“An area that we see on airports that has the most incidents and accidents … while I can say that we have not identified any specific gaps, what I can say is there's potential gaps in communication … there's potential gaps in mitigation strategies that are not put in place because we don't have this rule that will connect the airlines to the airports,” Griffin said. “So, we're super excited with that. While SMS is new for the external rule, the internal SMS program that we've had in the office of airports since 2010 is not new. And so, we have used this rule and SMS principles in our planning, in our development and we have enhanced construction on airports due to the SMS oversight. Internally, we found it successful. Externally from our airport, operators have recognized how SMS increases safety.”
What if my airport already has an SMS in place?
“’Do I still have to submit an implementation plan?’ Yes … an implementation plan is your plan on how you meet the requirements,” Schroeder said. “So, prior to April 24, there is no requirement. If you're already executing SMS or a variation thereof, have a formal means of your safety management system in place, describe the processes, include the processes that you already use and how you meet the current requirements and in executing that. And it could be that your timeline for a maximum of four or five years will be shortened considerably upon review of your implementation plan.”
Where is the FAA getting the information they use to decide on these SMS triggers?
FAA Office of Airports Great Lakes Region Kenneth Taira said the triggers used to identify the airports for the SMS requirement the large, medium and small bubs, 100,000 average operations and international airports.
“We plan to collect and update this data annually. Typically, it'll be at the end of the calendar year,” Taira said. “Airport status changes and essentially the triggers don't become effective until the Office of Airports publishes this list. The Office of Airport Safety and Standards branch is responsible for conducting the data analysis and identifying SMS requirements. We'll go through each individual trigger. We're talking about large, medium, and small hub airports are determined using employment data from the Air Carrier Activity Information Service or ACAIS. We want to make the distinction here. Non-hubs are not included in the criteria for the new rule. Airport hubs are identified using the criteria in FAA order 5138, which is also known as the AIP handbook. Help status has been provided on our certification status list for many years in the past, and this won't change under the new rule. Calculation of the 100,000 average annual operations uses two sources. First, the FAA operations network, which is our official source of air traffic operations, is used for towered airports. FAA's airport data information portal is used for non-tower airport operations.”
Is my airport eligible to submit a waiver?
Airports who fall under the third trigger (international) in part 401 may be eligible to submit a waiver.
“If you qualify exclusively under that third trigger, the international trigger, you are eligible to apply from the requirements of having to implement SMS. And the requirements for meeting that are to obtain the waiver for their certificate holder,” Schroeder said. “The certificate holder must submit their written request to the regional divisional manager justifying its request. And then after review, if the FAA grants the certificate holder's request for the waiver, the certificate holder is now... The requirements are waived for two years. So, at the end of two years, or as the end of two years approaches, the certificate holder must reapply and reverify that it's still eligible for the waiver as defined in 401A1.”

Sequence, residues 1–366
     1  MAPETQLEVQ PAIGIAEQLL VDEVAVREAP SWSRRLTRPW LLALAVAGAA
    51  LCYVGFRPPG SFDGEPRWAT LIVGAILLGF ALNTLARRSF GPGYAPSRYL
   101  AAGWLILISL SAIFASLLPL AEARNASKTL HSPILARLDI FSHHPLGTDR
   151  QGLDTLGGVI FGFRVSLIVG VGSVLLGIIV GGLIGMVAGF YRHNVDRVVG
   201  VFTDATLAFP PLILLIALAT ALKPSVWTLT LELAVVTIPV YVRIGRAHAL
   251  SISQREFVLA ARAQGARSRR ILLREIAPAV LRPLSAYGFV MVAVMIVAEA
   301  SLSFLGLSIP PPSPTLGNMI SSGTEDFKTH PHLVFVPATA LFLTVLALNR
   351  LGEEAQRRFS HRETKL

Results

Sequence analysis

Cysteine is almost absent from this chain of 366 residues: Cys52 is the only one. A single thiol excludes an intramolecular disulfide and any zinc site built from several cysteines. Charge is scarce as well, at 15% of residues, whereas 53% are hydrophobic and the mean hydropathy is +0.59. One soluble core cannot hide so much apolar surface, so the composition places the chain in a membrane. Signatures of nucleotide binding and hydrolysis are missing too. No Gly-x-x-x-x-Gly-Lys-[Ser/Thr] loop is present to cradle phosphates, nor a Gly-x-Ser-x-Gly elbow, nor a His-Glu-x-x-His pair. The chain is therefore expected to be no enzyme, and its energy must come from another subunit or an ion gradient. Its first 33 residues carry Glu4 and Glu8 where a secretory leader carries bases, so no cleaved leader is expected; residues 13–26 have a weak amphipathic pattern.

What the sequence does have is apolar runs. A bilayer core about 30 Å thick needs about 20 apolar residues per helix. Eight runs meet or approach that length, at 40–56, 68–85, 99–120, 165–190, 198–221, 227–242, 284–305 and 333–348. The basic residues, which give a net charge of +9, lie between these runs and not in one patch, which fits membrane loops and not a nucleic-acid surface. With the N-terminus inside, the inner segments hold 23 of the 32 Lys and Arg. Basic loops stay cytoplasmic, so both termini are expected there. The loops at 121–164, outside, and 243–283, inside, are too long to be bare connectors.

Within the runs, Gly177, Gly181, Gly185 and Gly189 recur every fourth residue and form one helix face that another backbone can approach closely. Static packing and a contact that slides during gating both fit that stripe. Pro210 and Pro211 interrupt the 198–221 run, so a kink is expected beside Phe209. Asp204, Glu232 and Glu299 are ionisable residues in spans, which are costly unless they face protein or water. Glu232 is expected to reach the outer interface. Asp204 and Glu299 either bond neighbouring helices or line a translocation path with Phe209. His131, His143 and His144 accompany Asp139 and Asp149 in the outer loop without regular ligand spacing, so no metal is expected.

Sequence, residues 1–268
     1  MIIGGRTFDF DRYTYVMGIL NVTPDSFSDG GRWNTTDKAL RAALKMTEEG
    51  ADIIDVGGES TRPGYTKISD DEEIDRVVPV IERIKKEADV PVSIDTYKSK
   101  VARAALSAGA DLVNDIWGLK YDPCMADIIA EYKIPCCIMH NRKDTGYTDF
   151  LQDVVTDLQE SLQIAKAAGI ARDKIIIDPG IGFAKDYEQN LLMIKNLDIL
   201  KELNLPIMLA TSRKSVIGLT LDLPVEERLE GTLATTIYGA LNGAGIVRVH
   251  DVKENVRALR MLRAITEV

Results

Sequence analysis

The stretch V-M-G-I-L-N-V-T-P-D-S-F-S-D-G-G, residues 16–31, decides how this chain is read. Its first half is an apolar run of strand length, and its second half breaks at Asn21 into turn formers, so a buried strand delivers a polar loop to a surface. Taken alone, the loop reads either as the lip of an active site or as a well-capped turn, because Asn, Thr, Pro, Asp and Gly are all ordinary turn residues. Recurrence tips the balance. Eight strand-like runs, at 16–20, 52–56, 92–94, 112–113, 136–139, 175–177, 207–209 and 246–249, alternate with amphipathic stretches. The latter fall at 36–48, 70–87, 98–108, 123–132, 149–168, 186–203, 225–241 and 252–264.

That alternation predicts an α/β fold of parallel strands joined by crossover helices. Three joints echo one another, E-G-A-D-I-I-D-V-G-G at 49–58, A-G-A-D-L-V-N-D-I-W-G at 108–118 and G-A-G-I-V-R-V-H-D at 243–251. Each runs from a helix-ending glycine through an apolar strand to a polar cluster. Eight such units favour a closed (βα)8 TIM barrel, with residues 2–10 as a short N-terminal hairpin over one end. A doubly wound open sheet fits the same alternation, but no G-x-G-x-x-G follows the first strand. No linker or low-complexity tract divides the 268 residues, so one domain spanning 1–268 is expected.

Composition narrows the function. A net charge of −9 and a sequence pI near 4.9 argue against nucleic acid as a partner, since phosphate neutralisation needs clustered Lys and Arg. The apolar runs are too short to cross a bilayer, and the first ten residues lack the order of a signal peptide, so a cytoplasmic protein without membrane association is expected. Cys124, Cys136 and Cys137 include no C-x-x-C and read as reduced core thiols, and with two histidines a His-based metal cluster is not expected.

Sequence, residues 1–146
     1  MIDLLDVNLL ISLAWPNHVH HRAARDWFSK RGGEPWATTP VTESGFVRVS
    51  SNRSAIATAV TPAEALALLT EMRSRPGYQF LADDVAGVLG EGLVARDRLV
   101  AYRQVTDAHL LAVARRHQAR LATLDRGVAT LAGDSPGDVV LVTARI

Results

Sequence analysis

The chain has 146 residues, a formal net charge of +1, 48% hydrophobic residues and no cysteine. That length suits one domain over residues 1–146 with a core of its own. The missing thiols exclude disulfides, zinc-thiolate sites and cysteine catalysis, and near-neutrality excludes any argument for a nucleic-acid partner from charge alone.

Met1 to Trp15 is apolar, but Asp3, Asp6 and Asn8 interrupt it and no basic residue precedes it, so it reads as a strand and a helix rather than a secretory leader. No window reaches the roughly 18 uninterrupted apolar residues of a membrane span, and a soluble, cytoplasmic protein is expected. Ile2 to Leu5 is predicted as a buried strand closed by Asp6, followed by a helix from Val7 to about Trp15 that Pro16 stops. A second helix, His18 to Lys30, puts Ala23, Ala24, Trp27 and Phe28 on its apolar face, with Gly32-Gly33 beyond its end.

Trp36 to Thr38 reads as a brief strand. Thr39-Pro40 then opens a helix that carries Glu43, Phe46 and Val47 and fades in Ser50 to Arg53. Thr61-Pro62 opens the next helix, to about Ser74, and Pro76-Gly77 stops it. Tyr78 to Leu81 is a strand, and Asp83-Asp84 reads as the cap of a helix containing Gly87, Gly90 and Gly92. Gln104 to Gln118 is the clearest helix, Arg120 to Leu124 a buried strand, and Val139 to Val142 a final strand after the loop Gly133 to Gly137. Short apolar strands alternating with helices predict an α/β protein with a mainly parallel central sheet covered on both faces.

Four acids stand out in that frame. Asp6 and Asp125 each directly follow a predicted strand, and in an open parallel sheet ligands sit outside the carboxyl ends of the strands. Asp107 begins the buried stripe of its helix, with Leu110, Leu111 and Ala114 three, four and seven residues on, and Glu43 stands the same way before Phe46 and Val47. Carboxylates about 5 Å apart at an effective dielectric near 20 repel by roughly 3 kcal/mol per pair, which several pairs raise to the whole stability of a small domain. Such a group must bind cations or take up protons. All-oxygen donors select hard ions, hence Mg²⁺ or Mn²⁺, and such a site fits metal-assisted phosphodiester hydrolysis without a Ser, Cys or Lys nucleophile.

“The role of the FAA is going to be largely facilitative with providing oversight. So, we may provide input to an airport's SMS development along with all of our obligatory approving and accepting the required portions of the SMS, but we're only going to make sure that they comply with the part,” Taira said. “… Subpart E is a completely different way of thinking for the certain inspectors, for the FAA in general, and for you as certificate holders. And so, we're going to be less prescriptive … about putting absolutes in there and letting the airports design basically their own compliance program. The SMS manual won't absolve you from complying with subpart D of the rule, but it'll certainly give you a lot more flexibility to manage your compliance program more effectively.”
Role of the certificate holder: Implement and operate their airport’s SMS.
Role of the ACSI: Oversee SMS rule compliance, approval/acceptance of documentation and liaison for airport questions.
Role of ARP Regional SMS Coordinators: Manage the ARP SMS for planning and development; regional points of contact for SMS questions.
Role of ADO: Point of contact for federal funding eligibility and projects related to the SMS rule.
Role of AAS-300/310: Manages the internal and external SMS programs, provides guidance, promotes the programs.
Schroeder said any airport is encouraged to implement SMS, whether you're a 139 airport or not.
“Life would be great if every airport had a formal safety management system implemented,” Schroeder said. “However, the rule only requires certain airports to do this, but we encourage all airports, whether you get a waiver or not, whether you're 139 or not, to please consider implementing a formal process for evaluating your hazards and communicating safety information.”